News and Commentary

Domestic Violence

Prevalence of Domestic Violence in Australia

Sharing is caring!

Prevalence of Domestic Violence in Australia

Domestic Abuse and Violence International Alliance

February 7, 2023

Seven population-based or large-scale surveys have examined the sex-specific prevalence of physical domestic violence in Australia. Studies with the strongest methodologies surveyed a large, random sample of the population, and asked about the occurrence of specific abusive behaviors, e.g., slap, shove, hit, etc., consistent with the Conflict Tactics Scale.[1]

The surveys were conducted among adolescents (Gibbon et al), university students (Straus), newlyweds (Halford et al), and the general adult population (Headey et al, Grande et al, Australian Bureau of Statistics, Ahmadabadi et al).

The following surveys found higher rates of male victimization or female perpetration:

  • Headey et al
  • Straus
  • Halford et al
  • Ahmadabadi et al (among persons currently in a relationship)
  • Gibbon et al

The following surveys found higher rates of female victimization or male perpetration:

  • Grande et al
  • Australian Bureau of Statistics
  • Ahmadabadi et al (among persons currently not in a relationship)

We conclude that overall, men and women in Australia experience domestic violence at similar rates. Summaries of each survey are shown below, in chronological order of year of publication:

  1. Headey B, Scott D, & de Vaus D (1999). Domestic violence in Australia: Are women and men equally violent? Data from the International Social Science Survey/Australia 1996/1997 was examined. A sample of 1,643 subjects (804 men, 839 women) responded to questions about their experiences with domestic violence in the past 12 months, as assessed by responses to three questions about a slap, shake, or scratch; hit with fist or threw something; or kicked. Results reveal that 5.7 % of men and 3.7 % of women reported being victims of domestic assaults.[2]
  2. Grande ED, Hickling J, Taylor, & Woollacott T (2003). Domestic violence in South Australia: A population survey of males and females. Australian and New Zealand Journal of Public Health, 27(5), 543–550. A representative random sample of South Australian adults responded to items related intimate partner violence. Results reveal that 2.9 % of 2,596 men and 3.4 % of 2,884 women reported experiencing physical violence perpetrated by their partners.[3]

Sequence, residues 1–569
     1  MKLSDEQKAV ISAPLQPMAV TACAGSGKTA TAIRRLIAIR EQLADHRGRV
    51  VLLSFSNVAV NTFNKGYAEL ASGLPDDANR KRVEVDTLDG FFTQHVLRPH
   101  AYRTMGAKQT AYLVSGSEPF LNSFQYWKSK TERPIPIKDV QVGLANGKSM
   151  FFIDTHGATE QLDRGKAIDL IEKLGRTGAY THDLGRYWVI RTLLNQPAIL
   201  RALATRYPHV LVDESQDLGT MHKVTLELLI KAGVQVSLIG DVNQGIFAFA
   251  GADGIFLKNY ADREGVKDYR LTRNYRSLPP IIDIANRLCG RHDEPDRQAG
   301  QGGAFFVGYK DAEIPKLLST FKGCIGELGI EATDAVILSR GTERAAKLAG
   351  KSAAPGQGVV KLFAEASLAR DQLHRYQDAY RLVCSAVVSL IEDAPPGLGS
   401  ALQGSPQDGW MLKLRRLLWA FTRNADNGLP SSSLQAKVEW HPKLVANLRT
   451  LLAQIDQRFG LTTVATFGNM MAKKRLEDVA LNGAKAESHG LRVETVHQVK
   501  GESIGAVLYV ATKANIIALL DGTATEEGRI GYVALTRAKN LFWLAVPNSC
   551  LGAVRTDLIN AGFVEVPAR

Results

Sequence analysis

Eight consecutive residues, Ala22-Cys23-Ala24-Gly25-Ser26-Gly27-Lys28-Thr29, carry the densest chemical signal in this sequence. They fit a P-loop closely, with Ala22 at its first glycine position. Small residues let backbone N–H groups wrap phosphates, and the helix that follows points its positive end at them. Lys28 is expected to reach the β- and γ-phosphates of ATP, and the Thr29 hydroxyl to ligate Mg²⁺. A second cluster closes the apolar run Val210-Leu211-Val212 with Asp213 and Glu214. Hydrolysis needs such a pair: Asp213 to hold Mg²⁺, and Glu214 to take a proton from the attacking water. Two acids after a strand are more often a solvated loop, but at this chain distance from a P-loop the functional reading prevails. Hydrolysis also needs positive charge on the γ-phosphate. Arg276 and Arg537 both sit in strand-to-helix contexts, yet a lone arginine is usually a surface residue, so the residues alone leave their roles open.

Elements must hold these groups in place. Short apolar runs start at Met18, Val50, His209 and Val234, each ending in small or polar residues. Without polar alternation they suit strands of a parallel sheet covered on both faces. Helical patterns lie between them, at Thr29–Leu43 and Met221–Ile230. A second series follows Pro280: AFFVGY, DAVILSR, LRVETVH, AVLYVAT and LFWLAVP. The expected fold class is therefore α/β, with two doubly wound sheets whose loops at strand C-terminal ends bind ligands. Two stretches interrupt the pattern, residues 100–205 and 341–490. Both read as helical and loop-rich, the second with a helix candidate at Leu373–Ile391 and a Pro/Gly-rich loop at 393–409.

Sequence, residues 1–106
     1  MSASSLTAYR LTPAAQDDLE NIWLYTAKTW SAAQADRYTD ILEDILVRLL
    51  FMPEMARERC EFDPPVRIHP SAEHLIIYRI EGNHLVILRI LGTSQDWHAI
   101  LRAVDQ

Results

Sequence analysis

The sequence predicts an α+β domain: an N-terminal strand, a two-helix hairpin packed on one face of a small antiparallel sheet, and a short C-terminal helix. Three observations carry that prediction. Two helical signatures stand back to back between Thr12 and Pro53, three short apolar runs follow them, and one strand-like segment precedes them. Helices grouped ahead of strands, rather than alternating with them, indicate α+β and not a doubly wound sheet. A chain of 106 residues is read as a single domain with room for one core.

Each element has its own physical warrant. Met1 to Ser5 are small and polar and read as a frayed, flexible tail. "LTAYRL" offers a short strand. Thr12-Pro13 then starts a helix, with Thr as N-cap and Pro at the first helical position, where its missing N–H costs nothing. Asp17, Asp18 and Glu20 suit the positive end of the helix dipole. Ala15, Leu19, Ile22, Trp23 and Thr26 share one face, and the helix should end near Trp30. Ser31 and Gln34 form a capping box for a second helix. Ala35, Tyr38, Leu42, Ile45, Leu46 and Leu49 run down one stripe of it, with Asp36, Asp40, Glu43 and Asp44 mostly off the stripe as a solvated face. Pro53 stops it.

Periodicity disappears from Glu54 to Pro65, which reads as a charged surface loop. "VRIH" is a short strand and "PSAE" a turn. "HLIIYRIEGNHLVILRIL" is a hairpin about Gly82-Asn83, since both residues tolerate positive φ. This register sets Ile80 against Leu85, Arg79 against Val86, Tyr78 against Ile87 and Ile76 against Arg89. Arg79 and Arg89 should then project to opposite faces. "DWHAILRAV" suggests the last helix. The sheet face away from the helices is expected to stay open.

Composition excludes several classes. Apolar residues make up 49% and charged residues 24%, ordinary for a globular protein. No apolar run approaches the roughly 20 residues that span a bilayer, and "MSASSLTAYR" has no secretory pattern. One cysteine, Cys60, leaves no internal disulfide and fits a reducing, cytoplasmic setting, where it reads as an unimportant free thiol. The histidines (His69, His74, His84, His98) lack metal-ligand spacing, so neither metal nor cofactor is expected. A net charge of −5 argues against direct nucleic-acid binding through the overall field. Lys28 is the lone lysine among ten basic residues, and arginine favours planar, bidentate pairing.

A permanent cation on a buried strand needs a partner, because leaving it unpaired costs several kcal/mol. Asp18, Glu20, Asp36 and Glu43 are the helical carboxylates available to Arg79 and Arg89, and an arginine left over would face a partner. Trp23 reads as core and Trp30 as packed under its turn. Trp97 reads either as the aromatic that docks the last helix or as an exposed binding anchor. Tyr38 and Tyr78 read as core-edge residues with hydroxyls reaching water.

3. Straus M (2008). Dominance and symmetry in partner violence by male and female university students in 32 nations. Children and Youth Services Review 30 (252-275). As part of an international study of dating violence among students in 32 countries, Straus surveyed university students in Adelaide. Among the respondents, 20.2% admitted to pushing, grabbing, slapping, throwing something, twisting the arm or hair, punching, kicking, choking, slamming against a wall, beating up, burning, or using a knife or gun against their dating partner within the past year. These incidents were of the following type (Table 2):
  • Male-only: 14.0%
  • Female-only: 21.0%
  • Both violent: 64.9%
  1. Halford W, Farrugia, C, Lizzio A, & Wilson K (2010). Relationship aggression, violence and self-regulation in Australian newlywed couples. Australian Journal of Psychology, 62(2), 82–92. A sample of 379 newlywed couples in Australia responded to a short version of the CTS. Results reveal that 22% of couples experienced a least one act of physical violence in the past year. Female perpetration of violence was more common that male perpetration. Authors report that in violence couples the more common pattern was for women to be violent (59%) followed by violence by both partners (34%) and least common was violence by men only (7%). [4]
  2. Australian Bureau of Statistics Personal Safety Survey (2017). A large, nationally representative survey inquired about persons’ experience of “violence.” The two components of physical violence are defined as:
    1. Physical assault is any incident that involved the use of physical force with the intent to harm or frighten a person.
    2. Physical threat is any attempt to inflict physical harm or a threat or suggestions of intent to inflict physical harm, which was made face-to-face and which the person believed was able and likely to be carried out. Excludes incidents of violence in which the threat was actually carried out.

Of all incidents committed by an intimate partner in the past year, 35% of victims were male and 65% female.[5]

  1. Zohre Ahmadabadi, Jackob M. Najman, and Peter d’Abbs (2017). Gender Differences in Intimate Partner Violence in Current and Prior Relationships. Journal of Interpersonal Violence 36 (1-2). The sample consisted of 2,060 young adults (mean age = 30 years) who had participated in the 30-year follow-up of the Mater Hospital and University of Queensland Study of Pregnancy. Percentages of persons who had experienced physical abuse in the previous 12 months:[6]
    1. Currently in a relationship: 12.0% of males and 5.9% of females
    2. Not currently in a relationship: 22.6% of males and 27.2% of females
  1. Gibbon KF, Meyer S, Boxall H, Maher J, Roberts S (2022). Adolescent family violence in Australia: A national study of prevalence, history of childhood victimisation and impacts. ANROWS conducted a national online survey of over 5,000 adolescents ages 16-20 regarding their abusive actions directed to family members. The survey found that 23% of females and 14% of males reported they had ever perpetrated some form of abuse against a family member (Table 2):
  • Physical violence — Males: 7%; Females: 11%
  • Verbal abuse — Males: 9%; Females: 17%
  • Emotional/psychological abuse – Males: 2%; Females: 6%

The age of onset among female adolescents tended to be earlier than male adolescents (Figure 1.5). The violence was directed to siblings (68%), mothers (51%), and fathers (37%).[7]